'Inspired leadership' and co-operation key to post-Covid economic recovery

Governments, regulators and business community must come together, Saudi British Bank chairwoman says

Delegates attend the a debate during the fourth edition of the Future Investment Initiative (FII) conference at the capital Riyadh's Ritz-Carlton hotel on January 27, 2021. Saudi Arabia opened a two-day Davos-style investment forum, with dozens of global policy makers and business tycoons lined up to speak at the largely virtual event amid the coronavirus pandemic. Only 200 of around 8,000 registered delegates attended in-person, while around 100 speakers are set to participate virtually with 50 present physically. Previous summits drew thousands of Wall Street titans and global policymakers. / AFP / FAYEZ NURELDINE
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Governments, regulators, businesses and scientific communities must join to resolve the issues “amplified” by the pandemic and prepare the world for the post-Covid era, says Lubna Olayan, chairwoman of the Saudi British Bank.

“We must all work together on global level … across sectoral basis,” Ms Olayan told the fourth Future Investment Initiative on Thursday evening.

“We know the co-operation works. Look how quickly the vaccine was done through collaboration, and in record time.”

She said that to steer the global economy through the crisis will require “inspired leadership".

Businesses will have to implement sustainable practices and there should be full accountability and complete transparency, Ms Olayan told the FII concluding panel.

The discussion was moderated by Princess Reema bint Bandar, the Saudi ambassador to the US.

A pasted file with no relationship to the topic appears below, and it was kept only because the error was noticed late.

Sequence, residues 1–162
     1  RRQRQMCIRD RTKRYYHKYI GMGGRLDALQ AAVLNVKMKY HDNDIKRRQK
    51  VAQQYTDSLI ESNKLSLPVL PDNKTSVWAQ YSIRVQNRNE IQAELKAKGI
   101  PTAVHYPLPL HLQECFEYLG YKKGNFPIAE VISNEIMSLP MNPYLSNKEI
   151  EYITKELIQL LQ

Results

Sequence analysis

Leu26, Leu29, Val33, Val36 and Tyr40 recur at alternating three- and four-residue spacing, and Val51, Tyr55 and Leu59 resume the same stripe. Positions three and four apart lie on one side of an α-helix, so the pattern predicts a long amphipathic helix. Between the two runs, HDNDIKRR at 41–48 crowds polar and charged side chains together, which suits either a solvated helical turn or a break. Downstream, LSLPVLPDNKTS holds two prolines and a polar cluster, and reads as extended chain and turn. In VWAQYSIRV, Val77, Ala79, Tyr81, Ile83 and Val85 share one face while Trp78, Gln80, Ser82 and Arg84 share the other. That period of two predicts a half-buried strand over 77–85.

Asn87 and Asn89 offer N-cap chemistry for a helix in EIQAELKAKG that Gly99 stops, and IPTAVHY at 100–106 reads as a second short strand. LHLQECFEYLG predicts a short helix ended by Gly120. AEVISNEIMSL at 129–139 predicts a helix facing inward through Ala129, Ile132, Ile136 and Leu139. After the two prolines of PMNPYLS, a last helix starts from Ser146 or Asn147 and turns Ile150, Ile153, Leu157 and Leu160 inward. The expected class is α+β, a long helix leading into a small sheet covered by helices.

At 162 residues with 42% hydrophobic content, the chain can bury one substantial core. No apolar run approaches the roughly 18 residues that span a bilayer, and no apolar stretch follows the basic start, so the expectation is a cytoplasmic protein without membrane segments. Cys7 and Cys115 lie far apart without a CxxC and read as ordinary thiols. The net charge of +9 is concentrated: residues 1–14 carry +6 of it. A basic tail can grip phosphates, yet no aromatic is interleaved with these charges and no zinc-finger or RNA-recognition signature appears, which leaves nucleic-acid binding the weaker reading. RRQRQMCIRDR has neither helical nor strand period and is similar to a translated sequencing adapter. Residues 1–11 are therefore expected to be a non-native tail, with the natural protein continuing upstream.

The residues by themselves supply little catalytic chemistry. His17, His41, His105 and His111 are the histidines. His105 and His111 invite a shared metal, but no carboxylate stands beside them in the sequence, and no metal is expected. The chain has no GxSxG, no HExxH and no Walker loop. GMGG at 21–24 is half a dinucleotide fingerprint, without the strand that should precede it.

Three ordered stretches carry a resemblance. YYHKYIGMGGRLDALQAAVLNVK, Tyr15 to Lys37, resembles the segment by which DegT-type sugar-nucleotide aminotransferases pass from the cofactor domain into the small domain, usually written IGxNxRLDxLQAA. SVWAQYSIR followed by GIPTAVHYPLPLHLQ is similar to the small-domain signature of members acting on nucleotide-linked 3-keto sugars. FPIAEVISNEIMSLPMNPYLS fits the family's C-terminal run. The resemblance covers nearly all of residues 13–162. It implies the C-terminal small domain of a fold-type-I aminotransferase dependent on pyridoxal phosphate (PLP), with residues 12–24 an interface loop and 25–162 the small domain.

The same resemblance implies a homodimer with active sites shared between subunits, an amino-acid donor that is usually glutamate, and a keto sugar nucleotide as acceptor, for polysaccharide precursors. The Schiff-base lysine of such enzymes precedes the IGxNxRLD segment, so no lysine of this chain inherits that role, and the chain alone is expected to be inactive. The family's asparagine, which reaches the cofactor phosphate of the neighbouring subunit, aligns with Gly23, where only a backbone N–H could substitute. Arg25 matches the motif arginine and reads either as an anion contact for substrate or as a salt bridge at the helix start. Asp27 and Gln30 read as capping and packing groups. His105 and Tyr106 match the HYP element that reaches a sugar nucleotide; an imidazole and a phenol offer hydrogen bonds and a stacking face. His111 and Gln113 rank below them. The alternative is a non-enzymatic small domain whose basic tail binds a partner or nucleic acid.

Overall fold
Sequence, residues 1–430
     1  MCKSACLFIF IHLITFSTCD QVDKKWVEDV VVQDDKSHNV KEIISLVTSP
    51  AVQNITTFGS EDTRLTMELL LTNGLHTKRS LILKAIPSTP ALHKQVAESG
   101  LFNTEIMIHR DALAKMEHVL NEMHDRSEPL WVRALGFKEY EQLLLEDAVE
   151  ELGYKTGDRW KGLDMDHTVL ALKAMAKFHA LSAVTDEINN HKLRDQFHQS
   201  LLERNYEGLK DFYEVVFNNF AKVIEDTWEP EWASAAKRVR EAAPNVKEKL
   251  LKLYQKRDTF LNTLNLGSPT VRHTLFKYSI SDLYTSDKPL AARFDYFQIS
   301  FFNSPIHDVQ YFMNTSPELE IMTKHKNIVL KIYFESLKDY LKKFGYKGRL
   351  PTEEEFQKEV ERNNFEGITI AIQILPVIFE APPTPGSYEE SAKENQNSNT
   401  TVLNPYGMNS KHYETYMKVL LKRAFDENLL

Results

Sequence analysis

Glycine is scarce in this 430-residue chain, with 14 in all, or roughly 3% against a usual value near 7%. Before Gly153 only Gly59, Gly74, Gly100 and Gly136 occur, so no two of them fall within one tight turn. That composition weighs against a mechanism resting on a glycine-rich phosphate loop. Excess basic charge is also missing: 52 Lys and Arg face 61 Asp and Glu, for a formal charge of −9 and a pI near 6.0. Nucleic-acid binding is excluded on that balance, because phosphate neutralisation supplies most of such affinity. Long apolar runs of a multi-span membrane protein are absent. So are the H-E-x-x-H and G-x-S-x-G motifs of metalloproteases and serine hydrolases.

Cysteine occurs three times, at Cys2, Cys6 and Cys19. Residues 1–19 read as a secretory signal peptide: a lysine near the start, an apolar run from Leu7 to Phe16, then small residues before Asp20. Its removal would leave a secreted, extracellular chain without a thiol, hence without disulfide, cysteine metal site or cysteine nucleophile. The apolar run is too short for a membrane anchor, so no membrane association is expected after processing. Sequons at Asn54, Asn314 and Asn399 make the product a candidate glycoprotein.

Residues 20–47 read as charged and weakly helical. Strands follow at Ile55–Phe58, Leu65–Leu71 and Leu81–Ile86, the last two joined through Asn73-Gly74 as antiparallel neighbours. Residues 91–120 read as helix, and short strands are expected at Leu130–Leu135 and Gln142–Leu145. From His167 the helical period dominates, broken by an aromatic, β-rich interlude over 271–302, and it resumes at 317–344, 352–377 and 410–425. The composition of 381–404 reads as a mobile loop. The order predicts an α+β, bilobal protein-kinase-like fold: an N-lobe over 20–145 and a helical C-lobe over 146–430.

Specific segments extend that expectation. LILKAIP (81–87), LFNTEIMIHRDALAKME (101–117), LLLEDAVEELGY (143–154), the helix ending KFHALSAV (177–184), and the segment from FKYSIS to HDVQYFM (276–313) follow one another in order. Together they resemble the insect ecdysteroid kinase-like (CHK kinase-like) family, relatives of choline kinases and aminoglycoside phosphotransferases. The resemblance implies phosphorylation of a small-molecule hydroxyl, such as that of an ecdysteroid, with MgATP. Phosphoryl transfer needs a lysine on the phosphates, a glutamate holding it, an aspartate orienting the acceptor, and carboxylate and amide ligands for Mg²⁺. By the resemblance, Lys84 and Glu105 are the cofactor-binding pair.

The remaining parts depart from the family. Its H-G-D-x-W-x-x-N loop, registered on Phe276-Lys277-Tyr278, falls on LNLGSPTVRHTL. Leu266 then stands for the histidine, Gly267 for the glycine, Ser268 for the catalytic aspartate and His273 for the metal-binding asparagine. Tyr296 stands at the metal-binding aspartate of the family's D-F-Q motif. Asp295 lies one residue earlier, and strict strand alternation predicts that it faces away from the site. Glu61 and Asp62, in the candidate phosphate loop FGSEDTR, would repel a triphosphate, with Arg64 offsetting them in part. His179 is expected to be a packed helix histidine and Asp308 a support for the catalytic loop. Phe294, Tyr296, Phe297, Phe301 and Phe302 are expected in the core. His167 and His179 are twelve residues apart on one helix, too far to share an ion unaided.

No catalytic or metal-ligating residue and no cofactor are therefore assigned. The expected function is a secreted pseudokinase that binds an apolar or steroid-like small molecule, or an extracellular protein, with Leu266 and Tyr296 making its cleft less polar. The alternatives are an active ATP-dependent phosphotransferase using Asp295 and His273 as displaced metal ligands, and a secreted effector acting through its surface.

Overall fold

The pandemic has highlighted the urgent need for businesses to reassess their relationship with the planet, Ms Olayan said, speaking of the climate crisis, threat of diseases and worsening unemployment.

"None of these are new problems but what is new is how they have been amplified by this pandemic," she said.

“We should not let a crisis go to waste."

Ms Olayan said it was incumbent on business to implement best environment, social and governance practices and policies.

The Covid-19 pandemic has tipped the global economy into the deepest recession since the 1930s, as it upended the travel and tourism sector and disrupted global trade and supply chains.

The virus had infected more than 101 million people and killed more than 2.18 million as of Thursday, Johns Hopkins University data shows.

The International Monetary Fund this week upgraded its growth estimate for the global economy this year as countries introduced Covid-19 vaccines.

It expects the world economy to expand 5.5 per cent in 2021, after a 3.5 per cent contraction in 2020.

The estimate is not without risk given the prevalence of mutant strains of the virus, which have forced new lockdowns in parts of Europe, Asia and North America.

Although the world's long-term vision is to steer the economy out of the crisis, “today matters and we need to deliver, day after day, value for people", said Jean Lemierre, chairman of  BNP Paribas.

“The post-Covid time is a long race for recovery and improvement but we need to be absolutely sure that people receive value during [this period], otherwise they will not win the race,” Mr Lemierre said.